I started writing this review a year ago but never really finished it. Shame, really. Laziness and procrastination aside, I decided to put off a review of a car straight out of the casa and be blinded by the new-car blinkers. A year ago, after being all too anxious about replacing my old clunker, I decided to go against conventional financial wisdom and get a car loan for a new car.
With a meager budget, the only cars that fit my finances were the Hyundai i10 and Getz and the Suzuki Celerio and all that’s cheaper (like the Suzuki Alto and the Chery). Wanting a compromise of a hint of creature comforts and performance, I decided to go with the i10.
The i10 was first introduced locally with a 1.1L GL (MT and AT) and a 1.2 GLS (MT and AT) variants. Seems pretty redundant since Hyundai still had a small car offering in the Getz. Now, there’s a new i10 but it’s basically the same machine underneath aside from revisions in the front and back ends with new lights and bumpers. A rear spoiler seems to come standard on the 1.2L as well and they seem consistent with Hyundai’s aggressive design language.
Since it’s been almost a year since I drove it off the dealership lot, I’ll focus more on how it is as a car to own. I haven’t really done hardcore power tests and since it’s my car, I won’t even dare try to give it the full beans. Not that I haven’t tried having some fun in it.
Economy can be a concern too. As a small car, it’s not exactly the cheapest to run. At best, you can only squeeze out 8 km to the liter on bumper-to-bumper city traffic. My light-footed driving style can only get 10 to 11 km/L in mixed driving conditions. Maintenance is on the high side as well. My first 1,000 and 5,000 km cost me around Php 1,800 with the free labor discount from the dealership. Those are just standard oil changes with the oil and filter as goods.
The 1.2L engine is surprisingly good for city speeds. I drive it up and down Sumulong Highway in Antipolo and it doesn’t feel all to strained going uphill. It has decent hatak comparable to the likes a Toyota Vios or a Honda City. I once drove a 1999 1.6L automatic Ford Lynx up the same road the Lynx felt fat and slow compared to the sensation of the i10. On the highway, the automatic feels like it needs a fifth gear though as it strains pushing past 100 kph when it starts to need more than 3,000 rpm to get more speed.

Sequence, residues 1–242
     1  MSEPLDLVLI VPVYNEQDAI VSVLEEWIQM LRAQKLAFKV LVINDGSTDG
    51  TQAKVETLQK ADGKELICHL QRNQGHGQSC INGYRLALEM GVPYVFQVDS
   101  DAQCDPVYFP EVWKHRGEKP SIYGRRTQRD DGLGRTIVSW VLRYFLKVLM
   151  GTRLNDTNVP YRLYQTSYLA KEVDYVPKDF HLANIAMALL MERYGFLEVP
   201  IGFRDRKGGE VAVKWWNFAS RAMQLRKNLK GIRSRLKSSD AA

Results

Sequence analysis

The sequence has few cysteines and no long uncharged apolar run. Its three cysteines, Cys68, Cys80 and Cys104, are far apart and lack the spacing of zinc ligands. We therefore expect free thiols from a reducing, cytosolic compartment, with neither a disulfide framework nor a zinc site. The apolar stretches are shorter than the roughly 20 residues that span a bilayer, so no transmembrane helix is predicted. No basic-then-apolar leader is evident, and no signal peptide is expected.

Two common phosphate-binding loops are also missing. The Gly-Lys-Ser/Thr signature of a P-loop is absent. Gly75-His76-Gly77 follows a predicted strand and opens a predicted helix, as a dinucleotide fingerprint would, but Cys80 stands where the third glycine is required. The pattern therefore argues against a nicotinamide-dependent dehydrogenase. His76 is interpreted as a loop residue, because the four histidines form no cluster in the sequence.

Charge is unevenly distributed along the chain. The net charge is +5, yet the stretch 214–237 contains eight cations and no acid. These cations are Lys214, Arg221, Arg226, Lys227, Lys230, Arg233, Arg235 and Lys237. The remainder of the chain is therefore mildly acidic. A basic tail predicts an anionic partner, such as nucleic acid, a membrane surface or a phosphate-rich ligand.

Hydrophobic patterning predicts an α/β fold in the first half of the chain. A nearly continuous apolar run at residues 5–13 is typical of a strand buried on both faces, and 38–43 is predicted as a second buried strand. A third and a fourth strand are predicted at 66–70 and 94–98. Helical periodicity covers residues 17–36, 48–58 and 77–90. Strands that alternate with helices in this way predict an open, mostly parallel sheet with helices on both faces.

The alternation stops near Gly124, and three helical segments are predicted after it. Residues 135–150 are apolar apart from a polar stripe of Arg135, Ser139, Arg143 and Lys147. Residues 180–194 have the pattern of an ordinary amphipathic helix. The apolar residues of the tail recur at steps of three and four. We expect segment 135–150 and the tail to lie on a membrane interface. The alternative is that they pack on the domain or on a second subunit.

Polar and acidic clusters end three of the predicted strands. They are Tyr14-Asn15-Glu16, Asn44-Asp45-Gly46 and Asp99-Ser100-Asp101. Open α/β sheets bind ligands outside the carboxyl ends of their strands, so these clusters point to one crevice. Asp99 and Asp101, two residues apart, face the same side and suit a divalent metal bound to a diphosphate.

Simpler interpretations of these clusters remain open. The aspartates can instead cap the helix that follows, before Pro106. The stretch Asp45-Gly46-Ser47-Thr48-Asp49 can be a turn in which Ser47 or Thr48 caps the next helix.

The car’s piece de resistance perhaps is the combination of the (considerably) nippy engine performance and the handling. The car is quite agile around bends. Going downhill on Sumulong can be a treat. I just don’t try to take corners past 70 kph though since, as a front-wheel drive car, it understeers and you can feel a hint of it even at 60 kph in a moderate bend. The feel of the electronic power steering is quite nice too. It’s surprisingly light and responsive.
A word of caution though if you decide to have some fun with the car. You have to have a deft right foot for the braking. By popular cars in the Philippines’ standards, the brakes are pretty poor. The brake clearance feels like it’s just 2 centimeters making the brake pedal essentially a switch. The brakes are either on or it’s off. Very much unlike brakes from Toyota or Nissan which feel like they tighten the grasp every millimeter they dig towards the carpet or even Mitsubishi cars which have quite a lot of clearance before the brake fully engages. Since the i10s sold locally do not have ABS, it can be tricky thing to master. Prepare to look like an idiot with all the sudden braking you’d be doing. Leave a huge clearance between you and the car up front.
Size is an issue as depending on how you look at it. On the up side, it’s very roomy for a car it’s size since you get plenty of head room. My friend who stands six feet tall once hitched a ride and he was quite comfortable. And I once hauled a twin-tub washing machine with the back seats folded down. The back seats don’t fold down flat though. So for a bachelor/ette or a young couple with a child, it can be a practical city car.
On the down side, you will suffer from small car syndrome. Manila roads are full of morons who compensate for their meager penis inches by slapping on huge aftermarket tailpipes and they will sure bully the smaller car. So be prepared to be overtaken and pressed for space every single time. The i10’s pathetic horn doesn’t serve the driver well. Since I already suffer from small man syndrome, it does test my patience quite a lot.
For all practical purposes the car has served me well so far and I have not experience any major problems with it save for a few squeaks and rattles thanks to the plastic interior. It’s a cheap car (relatively) made in a fellow third world country (India) so don’t expect Lexus-level of build quality.
All in all, I have no full-blown regrets about buying the car. Though once in a while, when finances get tough, I bemoan the monthly amortization.